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http://dx.doi.org/10.1097/ICO.0b013e31816f27bfDOI Listing
August 2008

Prognostic factors affecting visual outcome in Acanthamoeba keratitis.

Ophthalmology 2008 Nov 24;115(11):1998-2003. Epub 2008 Jun 24.

University of Illinois at Chicago, Department of Ophthalmology, Chicago, Illinois, USA.

Objective: To identify clinical and demographic factors associated with a worse visual outcome in Acanthamoeba keratitis (AK).

Design: Retrospective, case control study.

Participants: A total of 72 eyes of 65 patients with AK who were diagnosed at the University of Illinois Eye and Ear Infirmary between May of 2003 and May of 2007 with treatment complete by October of 2007. The first affected eye was analyzed in bilateral disease.

Methods: Patient demographic, clinical characteristics, treatment methods, and final visual outcome data were collected through medical record reviews for all patients diagnosed with AK. Cases were defined as patients with AK with a visual outcome worse than 20/25 or those requiring penetrating keratoplasty (PKP). Controls were defined as patients with AK with a visual outcome of 20/25 or better. Logistic regression was used to estimate the odds ratio (OR) identifying prognostic factors associated with a worse visual outcome.

Main Outcome Measures: Final visual outcome worse than 20/25.

Results: AK was confirmed through microbiologic evidence in 48 of 65 eyes (73.8%) or with confocal microscopy in 62 of 65 eyes (95.4%). Final visual acuity data were available in 61 of 65 eyes (93.8%); of these 61 eyes, 40 (65.6%) achieved a final visual acuity of 20/25 or better. In multivariable analysis, deep stromal involvement or the presence of a ring infiltrate at presentation was independently associated with worse visual outcomes (OR, 10.27; 95% confidence interval [CI], 2.91-36.17). Symptom duration before diagnosis was statistically predictive of disease stage at presentation (OR, 4.43; 95% CI, 0.99-19.83; multivariable analysis) but not final visual outcome (OR, 2.55; 95% CI, 0.83-7.88; univariate analysis). PKP was performed in 11 of 12 eyes with active disease.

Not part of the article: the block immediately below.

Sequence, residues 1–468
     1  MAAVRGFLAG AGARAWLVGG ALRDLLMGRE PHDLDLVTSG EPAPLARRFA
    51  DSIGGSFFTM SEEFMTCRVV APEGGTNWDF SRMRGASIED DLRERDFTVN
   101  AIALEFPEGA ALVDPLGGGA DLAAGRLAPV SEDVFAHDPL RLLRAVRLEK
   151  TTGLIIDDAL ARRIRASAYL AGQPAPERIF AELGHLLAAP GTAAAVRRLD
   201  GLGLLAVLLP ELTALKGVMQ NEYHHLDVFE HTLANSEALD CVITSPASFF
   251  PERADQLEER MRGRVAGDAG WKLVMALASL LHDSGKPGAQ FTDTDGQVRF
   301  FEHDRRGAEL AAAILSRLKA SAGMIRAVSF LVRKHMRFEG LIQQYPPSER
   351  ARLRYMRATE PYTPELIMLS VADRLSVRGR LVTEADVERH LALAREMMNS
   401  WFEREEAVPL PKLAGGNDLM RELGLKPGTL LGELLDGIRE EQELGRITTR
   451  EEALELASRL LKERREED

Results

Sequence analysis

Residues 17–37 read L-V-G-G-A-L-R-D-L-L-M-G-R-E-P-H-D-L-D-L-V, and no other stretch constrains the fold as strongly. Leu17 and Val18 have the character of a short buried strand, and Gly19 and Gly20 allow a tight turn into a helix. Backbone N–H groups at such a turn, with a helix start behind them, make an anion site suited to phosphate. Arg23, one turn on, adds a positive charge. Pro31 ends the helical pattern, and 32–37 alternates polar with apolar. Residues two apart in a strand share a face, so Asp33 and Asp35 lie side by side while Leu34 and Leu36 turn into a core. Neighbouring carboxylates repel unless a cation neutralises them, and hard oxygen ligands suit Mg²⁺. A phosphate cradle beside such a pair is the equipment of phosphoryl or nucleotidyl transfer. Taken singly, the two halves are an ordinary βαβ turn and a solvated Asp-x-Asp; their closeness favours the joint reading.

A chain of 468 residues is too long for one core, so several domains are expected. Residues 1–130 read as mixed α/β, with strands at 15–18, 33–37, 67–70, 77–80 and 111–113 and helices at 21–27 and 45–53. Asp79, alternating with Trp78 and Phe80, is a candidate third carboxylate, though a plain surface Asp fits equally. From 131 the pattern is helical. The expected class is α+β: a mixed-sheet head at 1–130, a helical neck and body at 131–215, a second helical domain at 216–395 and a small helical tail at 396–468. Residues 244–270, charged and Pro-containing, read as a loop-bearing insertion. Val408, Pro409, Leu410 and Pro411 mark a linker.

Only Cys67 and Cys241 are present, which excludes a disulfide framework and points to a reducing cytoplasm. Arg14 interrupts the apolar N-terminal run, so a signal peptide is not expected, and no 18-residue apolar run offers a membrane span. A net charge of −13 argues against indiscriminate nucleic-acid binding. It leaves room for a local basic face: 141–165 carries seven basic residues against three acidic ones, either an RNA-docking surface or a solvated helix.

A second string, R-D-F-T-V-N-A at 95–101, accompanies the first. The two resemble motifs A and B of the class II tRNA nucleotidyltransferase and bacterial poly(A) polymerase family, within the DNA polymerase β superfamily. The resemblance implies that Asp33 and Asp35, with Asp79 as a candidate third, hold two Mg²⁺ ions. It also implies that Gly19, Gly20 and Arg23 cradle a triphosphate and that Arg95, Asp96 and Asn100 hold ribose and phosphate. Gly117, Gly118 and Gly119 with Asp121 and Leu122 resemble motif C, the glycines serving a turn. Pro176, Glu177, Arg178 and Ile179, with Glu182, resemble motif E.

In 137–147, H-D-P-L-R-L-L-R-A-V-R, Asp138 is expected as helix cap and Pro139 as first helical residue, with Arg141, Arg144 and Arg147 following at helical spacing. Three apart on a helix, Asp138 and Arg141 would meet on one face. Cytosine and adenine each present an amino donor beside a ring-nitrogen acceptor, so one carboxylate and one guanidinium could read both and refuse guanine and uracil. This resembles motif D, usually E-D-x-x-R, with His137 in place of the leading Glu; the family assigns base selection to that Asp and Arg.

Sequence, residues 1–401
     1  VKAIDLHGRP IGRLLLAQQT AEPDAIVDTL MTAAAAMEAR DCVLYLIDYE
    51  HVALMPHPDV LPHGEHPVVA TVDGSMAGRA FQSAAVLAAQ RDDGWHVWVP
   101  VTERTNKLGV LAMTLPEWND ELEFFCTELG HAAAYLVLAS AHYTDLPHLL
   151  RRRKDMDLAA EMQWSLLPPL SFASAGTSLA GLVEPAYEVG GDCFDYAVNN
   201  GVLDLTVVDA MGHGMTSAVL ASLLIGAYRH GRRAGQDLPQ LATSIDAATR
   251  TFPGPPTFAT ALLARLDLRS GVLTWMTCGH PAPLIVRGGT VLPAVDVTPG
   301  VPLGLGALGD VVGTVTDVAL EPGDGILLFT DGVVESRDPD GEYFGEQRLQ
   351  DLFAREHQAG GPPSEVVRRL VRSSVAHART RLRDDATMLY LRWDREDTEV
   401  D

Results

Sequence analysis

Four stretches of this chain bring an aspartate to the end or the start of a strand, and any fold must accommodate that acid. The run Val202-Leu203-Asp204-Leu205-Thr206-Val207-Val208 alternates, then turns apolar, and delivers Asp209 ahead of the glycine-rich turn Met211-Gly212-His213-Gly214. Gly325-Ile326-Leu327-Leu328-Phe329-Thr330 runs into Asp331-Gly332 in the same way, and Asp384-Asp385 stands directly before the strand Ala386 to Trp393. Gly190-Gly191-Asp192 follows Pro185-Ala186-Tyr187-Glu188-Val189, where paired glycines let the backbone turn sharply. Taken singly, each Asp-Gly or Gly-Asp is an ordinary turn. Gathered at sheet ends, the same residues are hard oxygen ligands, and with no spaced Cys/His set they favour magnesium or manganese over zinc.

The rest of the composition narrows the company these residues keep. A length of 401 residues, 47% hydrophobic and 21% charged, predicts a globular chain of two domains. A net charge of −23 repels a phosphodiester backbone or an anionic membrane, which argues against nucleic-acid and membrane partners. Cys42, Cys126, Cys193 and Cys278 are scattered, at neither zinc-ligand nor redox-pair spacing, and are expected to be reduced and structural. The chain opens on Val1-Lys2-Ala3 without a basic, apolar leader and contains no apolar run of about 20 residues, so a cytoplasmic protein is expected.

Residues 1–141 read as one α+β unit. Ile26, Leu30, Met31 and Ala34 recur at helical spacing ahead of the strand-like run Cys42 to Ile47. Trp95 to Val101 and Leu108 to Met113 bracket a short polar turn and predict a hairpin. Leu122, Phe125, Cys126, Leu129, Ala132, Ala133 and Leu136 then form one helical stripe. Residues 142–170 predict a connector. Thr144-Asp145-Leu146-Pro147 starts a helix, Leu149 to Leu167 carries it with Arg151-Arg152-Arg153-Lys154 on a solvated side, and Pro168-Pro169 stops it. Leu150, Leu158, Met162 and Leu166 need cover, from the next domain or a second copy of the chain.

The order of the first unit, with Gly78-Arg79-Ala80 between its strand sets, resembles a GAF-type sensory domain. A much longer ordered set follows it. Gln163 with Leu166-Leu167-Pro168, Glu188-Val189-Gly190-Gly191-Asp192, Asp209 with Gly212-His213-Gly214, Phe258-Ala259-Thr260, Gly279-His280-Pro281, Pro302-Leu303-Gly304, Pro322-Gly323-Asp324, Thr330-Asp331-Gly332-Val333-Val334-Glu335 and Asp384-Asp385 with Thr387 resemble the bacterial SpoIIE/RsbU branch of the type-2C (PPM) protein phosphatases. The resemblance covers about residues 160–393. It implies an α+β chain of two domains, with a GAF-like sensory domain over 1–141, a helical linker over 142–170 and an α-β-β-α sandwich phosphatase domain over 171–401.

Conclusions: Corneal disease staging at presentation with slit-lamp examination was highly predictive of worse outcomes, allowing the identification of patients who might benefit from more aggressive medical or surgical intervention. Unlike in previous reports, patient-reported duration of symptoms before treatment was not reliable in predicting the final visual result in our series.
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http://dx.doi.org/10.1016/j.ophtha.2008.04.038DOI Listing
http://www.ncbi.nlm.nih.gov/pmc/articles/PMC3816554PMC
November 2008